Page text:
Teitaro spends 45 pages attempting to supply information about Aҫvaghosha, but is still unable to even establish the time period in which he lived. Actually, this section is the most grueling to read through, because so many of the names and places are unfamiliar to anyone but those who are scholars of this subject. Once you get past the introductory material, reading is easier (although, as stated above, there is nothing simple about Mahayanist Buddhism). One thing that adds to the difficulty is the constant use of Sanskrit and Chinese words. In the Discourse section, at least they are mostly in the footnotes.
    But, nonetheless, somebody wrote this treatise, and whoever they were, had certainly mastered knowledge of Mahayana Buddhism. Wikipedia, however, says this is a treatise on "suchness" or "The Absolute" and not a doctrine of the Mahayana school itself. As in Christianity, there are many different sects, schools or branches of Buddhism, and it gets very complex. As noted above, I will not use this review to expound upon this aspect.
    While the book does give a great deal of complicated information on what one must do to complete the cycle of birth and death to reach Nirvâna, it supplies very little as far as practical steps that, for instance, a Westerner might want to follow to begin the Path. If you are considering the exploration of Buddhism as a life goal or to supplement other spiritual practice, I would suggest a different book until you are comfortable with Buddhist philosophy.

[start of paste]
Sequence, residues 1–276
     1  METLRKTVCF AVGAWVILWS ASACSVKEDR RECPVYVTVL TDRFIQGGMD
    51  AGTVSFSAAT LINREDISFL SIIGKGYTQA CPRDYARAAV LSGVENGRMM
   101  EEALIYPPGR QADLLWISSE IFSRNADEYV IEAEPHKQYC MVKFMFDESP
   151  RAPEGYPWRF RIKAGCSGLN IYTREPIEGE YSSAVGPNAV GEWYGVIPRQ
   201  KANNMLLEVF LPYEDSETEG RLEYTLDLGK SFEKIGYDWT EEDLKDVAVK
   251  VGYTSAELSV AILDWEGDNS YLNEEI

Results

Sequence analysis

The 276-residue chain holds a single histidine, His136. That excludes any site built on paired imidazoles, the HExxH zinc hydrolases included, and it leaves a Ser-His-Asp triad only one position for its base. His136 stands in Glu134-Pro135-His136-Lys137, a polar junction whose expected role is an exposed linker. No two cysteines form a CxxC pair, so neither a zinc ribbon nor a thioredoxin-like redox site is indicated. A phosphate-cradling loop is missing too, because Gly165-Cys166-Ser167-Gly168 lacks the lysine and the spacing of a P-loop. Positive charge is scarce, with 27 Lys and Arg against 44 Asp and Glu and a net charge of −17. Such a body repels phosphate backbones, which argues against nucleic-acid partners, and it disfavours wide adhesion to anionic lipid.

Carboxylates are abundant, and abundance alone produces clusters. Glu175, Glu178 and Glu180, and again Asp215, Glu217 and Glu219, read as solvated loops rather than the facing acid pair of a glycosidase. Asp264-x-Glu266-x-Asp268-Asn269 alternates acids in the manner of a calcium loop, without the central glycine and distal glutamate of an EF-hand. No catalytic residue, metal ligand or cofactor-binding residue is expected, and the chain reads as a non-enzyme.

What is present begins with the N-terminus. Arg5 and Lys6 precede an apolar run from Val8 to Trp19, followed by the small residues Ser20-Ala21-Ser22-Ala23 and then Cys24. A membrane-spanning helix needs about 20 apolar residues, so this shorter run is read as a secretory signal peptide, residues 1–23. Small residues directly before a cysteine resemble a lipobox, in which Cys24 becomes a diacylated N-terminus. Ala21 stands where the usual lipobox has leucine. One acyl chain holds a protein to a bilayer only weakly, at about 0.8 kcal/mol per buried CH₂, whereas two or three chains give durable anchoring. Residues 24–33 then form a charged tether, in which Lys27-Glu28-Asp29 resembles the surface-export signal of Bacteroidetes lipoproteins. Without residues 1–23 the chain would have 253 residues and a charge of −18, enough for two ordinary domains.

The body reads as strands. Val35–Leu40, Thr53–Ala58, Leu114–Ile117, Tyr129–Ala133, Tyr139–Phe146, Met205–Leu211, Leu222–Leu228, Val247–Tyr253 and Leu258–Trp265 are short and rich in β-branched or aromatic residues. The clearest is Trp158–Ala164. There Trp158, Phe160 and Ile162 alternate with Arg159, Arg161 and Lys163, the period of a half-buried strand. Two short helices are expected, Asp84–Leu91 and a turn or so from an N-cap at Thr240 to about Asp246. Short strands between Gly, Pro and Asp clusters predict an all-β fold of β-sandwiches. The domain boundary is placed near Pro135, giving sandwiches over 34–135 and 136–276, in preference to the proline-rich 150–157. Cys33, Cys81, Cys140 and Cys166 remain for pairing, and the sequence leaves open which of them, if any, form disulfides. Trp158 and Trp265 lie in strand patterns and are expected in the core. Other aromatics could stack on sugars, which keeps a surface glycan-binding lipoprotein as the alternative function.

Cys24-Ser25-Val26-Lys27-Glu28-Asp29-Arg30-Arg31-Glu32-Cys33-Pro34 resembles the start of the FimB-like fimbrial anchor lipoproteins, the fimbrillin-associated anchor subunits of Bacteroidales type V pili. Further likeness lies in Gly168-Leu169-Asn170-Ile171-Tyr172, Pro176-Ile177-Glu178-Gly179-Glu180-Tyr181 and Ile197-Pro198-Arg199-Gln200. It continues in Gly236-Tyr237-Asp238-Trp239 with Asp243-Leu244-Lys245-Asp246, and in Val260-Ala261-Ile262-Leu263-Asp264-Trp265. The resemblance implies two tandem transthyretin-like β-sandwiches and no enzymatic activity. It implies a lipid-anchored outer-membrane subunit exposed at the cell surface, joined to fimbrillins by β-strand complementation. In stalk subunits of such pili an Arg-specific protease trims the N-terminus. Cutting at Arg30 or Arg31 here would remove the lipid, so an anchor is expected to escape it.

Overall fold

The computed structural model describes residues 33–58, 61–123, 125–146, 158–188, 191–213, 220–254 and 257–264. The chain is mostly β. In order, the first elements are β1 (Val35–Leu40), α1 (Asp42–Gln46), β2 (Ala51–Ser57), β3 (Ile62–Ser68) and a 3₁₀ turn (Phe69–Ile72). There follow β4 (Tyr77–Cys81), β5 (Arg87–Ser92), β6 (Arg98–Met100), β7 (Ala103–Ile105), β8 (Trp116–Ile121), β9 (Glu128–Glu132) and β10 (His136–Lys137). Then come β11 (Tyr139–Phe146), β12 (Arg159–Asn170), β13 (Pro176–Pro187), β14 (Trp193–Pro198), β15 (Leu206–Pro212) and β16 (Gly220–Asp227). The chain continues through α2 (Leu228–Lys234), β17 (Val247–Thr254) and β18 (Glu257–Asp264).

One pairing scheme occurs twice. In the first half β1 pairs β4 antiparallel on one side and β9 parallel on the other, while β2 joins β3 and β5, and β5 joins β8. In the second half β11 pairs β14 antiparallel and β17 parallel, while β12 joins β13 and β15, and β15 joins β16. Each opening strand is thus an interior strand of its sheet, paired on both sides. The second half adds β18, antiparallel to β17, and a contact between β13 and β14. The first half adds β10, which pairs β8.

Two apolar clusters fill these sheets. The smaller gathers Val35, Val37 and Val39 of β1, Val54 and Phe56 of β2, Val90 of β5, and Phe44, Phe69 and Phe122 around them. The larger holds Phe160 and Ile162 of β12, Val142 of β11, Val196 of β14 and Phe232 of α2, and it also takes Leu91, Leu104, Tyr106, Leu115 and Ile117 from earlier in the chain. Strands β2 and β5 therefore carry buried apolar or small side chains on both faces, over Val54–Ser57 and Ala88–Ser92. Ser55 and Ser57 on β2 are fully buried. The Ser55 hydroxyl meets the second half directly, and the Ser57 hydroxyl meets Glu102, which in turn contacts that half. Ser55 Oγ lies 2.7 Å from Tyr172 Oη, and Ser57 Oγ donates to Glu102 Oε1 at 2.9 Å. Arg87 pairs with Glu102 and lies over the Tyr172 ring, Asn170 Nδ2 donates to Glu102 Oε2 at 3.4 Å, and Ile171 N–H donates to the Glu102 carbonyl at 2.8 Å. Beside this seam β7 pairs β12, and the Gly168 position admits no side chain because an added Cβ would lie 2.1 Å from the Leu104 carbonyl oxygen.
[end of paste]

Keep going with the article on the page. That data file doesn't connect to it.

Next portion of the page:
This is certainly a comprehensive treatise on its subject, so I, again, will not cover all the material included. However, in general, the author discusses the different stages one must pass through to reach Nirvâna, a little about what Nirvâna is, but again, that is very difficult to understand, and in fact it is "incomprehensible." Remember, Buddhism is based on the belief of the illusion of the physical world, and an attempt to label or name anything therefore keeps one in the realm of illusion. I happen to be quite in tune with that concept, and actually believe that here, now in 2015, the illusion is collapsing at an accelerated rate. There are also lots of lists—lists on certain actions to follow in order to free oneself from karma, evil, ignorance, etc. so that one may become pure. Some of those include charity and working toward helping others to attain Buddhahood. There is also a glossary in the back, but I found the definitions as confusing as the terms. Wikipedia is your best bet. In addition, there are also other translations, including one by an English-speaking person, Timothy Richard, from 1907. The most recent translation, which may perhaps be more up-to-date, as far as scholarly research, is by Yoshito S. Hakeda, 1967.
    While there was some information here that I did not understand, or more accurately, was not fully able to absorb, this book has certainly inspired me to seek more writings about the Buddhist faith and practice.